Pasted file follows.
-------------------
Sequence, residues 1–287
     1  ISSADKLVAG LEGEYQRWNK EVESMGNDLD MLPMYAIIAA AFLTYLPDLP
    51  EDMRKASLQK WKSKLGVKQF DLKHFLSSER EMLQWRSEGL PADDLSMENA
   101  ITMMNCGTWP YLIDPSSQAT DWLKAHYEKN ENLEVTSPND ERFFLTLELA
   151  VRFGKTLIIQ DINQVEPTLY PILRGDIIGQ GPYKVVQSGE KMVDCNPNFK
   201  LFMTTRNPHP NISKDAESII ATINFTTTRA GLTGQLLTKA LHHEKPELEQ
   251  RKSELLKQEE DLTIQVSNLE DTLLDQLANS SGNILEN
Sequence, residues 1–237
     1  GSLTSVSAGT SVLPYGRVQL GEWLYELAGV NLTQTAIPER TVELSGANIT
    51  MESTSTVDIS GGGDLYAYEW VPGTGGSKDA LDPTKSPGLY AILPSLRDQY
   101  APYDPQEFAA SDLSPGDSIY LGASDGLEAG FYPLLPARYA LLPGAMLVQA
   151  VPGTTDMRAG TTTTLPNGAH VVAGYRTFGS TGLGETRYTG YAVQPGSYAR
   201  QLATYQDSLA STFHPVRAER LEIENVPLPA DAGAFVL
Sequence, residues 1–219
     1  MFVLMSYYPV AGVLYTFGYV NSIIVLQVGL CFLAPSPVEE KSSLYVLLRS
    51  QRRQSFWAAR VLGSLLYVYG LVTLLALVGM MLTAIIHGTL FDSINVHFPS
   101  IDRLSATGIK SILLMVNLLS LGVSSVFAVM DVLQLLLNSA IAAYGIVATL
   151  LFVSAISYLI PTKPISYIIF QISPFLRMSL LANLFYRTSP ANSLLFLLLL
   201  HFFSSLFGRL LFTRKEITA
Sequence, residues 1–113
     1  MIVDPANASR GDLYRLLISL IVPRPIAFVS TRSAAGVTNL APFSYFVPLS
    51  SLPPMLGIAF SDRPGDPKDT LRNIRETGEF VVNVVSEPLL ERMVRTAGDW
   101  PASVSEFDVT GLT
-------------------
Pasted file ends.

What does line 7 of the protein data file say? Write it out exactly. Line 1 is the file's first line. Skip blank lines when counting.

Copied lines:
   251  RKSELLKQEE DLTIQVSNLE DTLLDQLANS SGNILEN